‘Hi my name is Lindy and I deny the existence of the Holy Spirit and you should too.’

With that five-second submission to YouTube, a 24-year-old who uses the name “menotsimple” has either condemned herself to an eternity of punishment in the afterlife or struck a courageous blow against superstition. She’s one of more than 400 mostly young people who have joined a campaign by the Web site to stake their souls against the existence of God. That, of course, is the ultimate no-win wager, as the 17th-century French mathematician Blaise Pascal calculated?it can’t be settled until you’re dead, and if you lose, you go to hell.

I went and visited the site and discovered that the “blasphemy challenge” offers an incentive for those who would do what Lindy did. Guess what the incentive is? People who take up the challenge and follow the instructions (which include the requirement to explicitly say, “I deny the existence of the Holy Spirit” in their video) will receive a free copy of “The God Who Wasn’t There”.

Here’s what I don’t understand. First, there are actually people willing to risk an eternity in hell for a video that basically promotes there is no God and mocks Christianity? C’mon there’s gotta be a bigger payoff than that! But then I get thinking of the Lindy’s and the Michael Lawson’s who are meeting the challenge for their free video. What has happened in their lives to give them such a bad taste for God and such a willingness to rush into the opportunity to “blaspheme”?

Second, this viral vitriol against Christianity and God is getting ridiculous (getting? it’s beyond that)! Does belief in Jesus Christ really pose that much of a threat to those who choose not to believe? Ah, but perhaps it does…perhaps its the fear that one’s “freedom” might be infringed or trodded upon if this religious monstrosity is allowed to flourish. Forget the fact that most significant historic accomplishments were done by believers, forget the fact that almost every school of higher learning was founded by believers, forget the fact that nearly every major hospital, orphanage, or some sort of social care organization was begun by believers. Oh but faith must be stopped because our “freedoms” and “intelligence” and “progress” will suffer… hogwash!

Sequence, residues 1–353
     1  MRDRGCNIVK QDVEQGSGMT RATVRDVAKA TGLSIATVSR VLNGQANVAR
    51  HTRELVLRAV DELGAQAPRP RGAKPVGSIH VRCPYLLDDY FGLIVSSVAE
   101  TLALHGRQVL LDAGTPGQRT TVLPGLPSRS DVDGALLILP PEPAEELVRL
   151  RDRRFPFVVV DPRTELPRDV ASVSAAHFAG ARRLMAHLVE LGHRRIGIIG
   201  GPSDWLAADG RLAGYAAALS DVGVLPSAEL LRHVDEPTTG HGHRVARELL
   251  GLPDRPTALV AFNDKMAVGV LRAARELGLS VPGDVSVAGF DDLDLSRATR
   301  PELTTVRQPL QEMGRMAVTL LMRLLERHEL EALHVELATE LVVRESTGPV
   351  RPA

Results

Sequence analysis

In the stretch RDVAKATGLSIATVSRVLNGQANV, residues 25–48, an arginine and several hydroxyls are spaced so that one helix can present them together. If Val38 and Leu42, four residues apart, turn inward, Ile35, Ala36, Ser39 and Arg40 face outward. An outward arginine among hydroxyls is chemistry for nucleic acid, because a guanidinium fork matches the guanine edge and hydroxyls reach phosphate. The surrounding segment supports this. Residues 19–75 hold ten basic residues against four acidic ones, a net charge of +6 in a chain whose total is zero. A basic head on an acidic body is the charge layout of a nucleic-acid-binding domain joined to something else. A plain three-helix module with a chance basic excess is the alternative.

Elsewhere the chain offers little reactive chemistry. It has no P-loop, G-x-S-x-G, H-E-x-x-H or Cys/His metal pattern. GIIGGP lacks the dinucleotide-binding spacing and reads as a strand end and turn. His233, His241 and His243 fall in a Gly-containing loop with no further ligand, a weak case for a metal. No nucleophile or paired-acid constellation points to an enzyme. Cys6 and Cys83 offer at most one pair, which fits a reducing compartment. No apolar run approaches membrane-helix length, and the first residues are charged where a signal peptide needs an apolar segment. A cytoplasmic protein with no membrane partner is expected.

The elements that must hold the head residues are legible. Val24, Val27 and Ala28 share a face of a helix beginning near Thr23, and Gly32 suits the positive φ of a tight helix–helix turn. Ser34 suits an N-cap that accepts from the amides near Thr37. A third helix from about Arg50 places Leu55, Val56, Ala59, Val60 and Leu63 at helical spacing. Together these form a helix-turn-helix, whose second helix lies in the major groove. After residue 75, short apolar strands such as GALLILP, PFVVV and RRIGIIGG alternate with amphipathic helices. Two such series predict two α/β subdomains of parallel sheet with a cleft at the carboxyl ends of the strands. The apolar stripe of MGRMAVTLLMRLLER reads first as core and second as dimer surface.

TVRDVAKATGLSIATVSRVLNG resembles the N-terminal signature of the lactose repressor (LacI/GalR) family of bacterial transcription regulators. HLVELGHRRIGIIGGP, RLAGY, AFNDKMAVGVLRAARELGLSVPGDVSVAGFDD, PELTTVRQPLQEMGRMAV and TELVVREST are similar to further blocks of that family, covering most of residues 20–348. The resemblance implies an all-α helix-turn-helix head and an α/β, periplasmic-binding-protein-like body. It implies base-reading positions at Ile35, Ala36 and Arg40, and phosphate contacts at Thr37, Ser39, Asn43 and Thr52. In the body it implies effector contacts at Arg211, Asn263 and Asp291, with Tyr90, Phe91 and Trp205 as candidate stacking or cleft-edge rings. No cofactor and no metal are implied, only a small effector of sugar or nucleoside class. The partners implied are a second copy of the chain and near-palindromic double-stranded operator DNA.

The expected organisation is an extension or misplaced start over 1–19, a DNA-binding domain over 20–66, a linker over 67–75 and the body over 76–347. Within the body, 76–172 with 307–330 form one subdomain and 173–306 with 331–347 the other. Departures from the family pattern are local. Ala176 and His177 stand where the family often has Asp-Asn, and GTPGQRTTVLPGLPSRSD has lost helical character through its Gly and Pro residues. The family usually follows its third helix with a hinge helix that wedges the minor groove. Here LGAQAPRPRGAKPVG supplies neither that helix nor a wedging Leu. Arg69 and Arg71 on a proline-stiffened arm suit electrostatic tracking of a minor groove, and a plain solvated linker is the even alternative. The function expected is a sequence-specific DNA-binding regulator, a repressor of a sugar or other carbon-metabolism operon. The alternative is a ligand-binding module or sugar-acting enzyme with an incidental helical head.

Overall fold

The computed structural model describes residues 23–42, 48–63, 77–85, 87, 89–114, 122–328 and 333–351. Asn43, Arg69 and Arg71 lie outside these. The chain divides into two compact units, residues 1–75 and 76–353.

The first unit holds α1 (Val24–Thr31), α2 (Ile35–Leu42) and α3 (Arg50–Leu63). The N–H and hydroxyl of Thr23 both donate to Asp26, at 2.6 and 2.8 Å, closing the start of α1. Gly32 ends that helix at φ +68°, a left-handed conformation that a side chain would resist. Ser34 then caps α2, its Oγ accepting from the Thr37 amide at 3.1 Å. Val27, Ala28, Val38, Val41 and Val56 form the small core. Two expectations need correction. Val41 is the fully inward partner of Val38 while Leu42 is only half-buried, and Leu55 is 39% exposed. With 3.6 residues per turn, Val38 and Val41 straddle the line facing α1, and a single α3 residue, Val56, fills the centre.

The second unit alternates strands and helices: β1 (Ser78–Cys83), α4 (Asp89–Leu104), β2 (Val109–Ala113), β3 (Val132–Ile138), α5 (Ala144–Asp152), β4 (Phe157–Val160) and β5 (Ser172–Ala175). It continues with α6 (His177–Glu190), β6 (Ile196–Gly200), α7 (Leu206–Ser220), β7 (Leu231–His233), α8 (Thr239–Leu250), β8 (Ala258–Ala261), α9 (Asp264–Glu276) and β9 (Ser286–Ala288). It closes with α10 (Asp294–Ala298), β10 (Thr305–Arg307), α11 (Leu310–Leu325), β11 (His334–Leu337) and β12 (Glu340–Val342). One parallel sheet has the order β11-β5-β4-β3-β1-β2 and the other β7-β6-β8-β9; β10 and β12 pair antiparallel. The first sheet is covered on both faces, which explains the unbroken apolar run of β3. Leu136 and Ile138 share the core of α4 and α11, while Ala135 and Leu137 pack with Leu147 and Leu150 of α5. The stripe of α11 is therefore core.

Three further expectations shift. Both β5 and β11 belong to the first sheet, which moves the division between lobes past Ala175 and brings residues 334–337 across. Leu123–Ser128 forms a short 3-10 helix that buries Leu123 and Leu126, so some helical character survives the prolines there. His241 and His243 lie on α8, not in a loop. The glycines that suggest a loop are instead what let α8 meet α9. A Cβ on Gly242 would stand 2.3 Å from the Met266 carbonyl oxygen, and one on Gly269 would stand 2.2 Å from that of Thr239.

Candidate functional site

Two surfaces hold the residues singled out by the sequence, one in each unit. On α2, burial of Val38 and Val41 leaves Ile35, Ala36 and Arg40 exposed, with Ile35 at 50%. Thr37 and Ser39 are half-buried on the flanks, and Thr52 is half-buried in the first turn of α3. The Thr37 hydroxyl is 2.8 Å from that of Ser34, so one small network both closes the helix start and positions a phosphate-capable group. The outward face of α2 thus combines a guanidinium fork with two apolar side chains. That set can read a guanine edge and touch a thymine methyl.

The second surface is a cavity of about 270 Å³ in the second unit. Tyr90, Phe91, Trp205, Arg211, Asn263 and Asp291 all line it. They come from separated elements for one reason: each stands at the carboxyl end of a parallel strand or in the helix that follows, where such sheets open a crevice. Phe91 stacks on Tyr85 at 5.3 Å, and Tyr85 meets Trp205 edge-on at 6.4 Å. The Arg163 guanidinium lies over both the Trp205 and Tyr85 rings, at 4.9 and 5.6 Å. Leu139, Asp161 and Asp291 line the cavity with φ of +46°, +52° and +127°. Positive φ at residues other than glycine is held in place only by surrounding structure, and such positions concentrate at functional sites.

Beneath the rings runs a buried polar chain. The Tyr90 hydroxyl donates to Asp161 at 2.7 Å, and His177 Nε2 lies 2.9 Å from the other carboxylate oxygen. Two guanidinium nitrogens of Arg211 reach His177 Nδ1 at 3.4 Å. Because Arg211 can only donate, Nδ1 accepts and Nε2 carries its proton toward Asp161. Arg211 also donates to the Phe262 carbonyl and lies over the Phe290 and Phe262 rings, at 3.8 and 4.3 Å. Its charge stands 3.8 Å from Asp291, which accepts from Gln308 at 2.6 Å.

Jesus spoke of himself when he said,

…if the Son sets you free, you will be free indeed. (John 8:36, NIV)

Freedom from what? Freedom from sin, from slavery to sin – that propensity to place self above everything else (even God) and constant dissatisfaction in life. What the proponents of don’t seem to realize is that the very subject of good vs. evil predicates some universal absolute standard of measure from which conscience is formed. The very presence of our present day imperfect (because of sin) civil law and order, government, and “justice” finds it’s roots in the perfect justice and order of God.

Now am I saying the unbeliever is incapable of good, or is incapable of placing others before themselves? No. The corollary is also true – Christians and believers aren’t perfect either and sadly we too do things contrary to the teaching of the one we follow. However – the very fact that the good is recognized in the non-believer and the bad is recognized in the believer is significant in any discussion on the existence of God. Truly, if God really didn’t exist then why are atheists so concerned? Why the battle? Does it really matter then if there is good or evil? If the Christian is hypocritical or the non-believer a saint?

And finally, the question that keeps my head shaking through the whole thought process is the question I’d ask those posting their “blasphemy” on YouTube. “What if you are wrong?” Let’s reverse things for a moment. I’m a Christian. I believe that I have been saved from death (hell) and saved to life (here and later in heaven) by my faith in the work of Christ on the cross and His resurrection from the grave – a work that dealt with my sin (which separated me from God). I believe that Christ now works in and through my life and He has a unique purpose for me in this world. My life is richer because of my faith in Him. My love is fuller because of Him. My joy is more complete because of my faith in Him. My hope is more sure because of my faith in Him. With that said, if you were to ask me, “What if you are wrong?” My reply would be simply, “then I haven’t lost anything…” Can the “YouTube blasphemers” say that with the same degree of certainty?

Book Review- Chasing Francis

Chasing Francis: A Pilgrim’s Tale

Rating: 3 out of 5

Author: Ian Morgan Cron

Year: 2006

Publisher: Navpress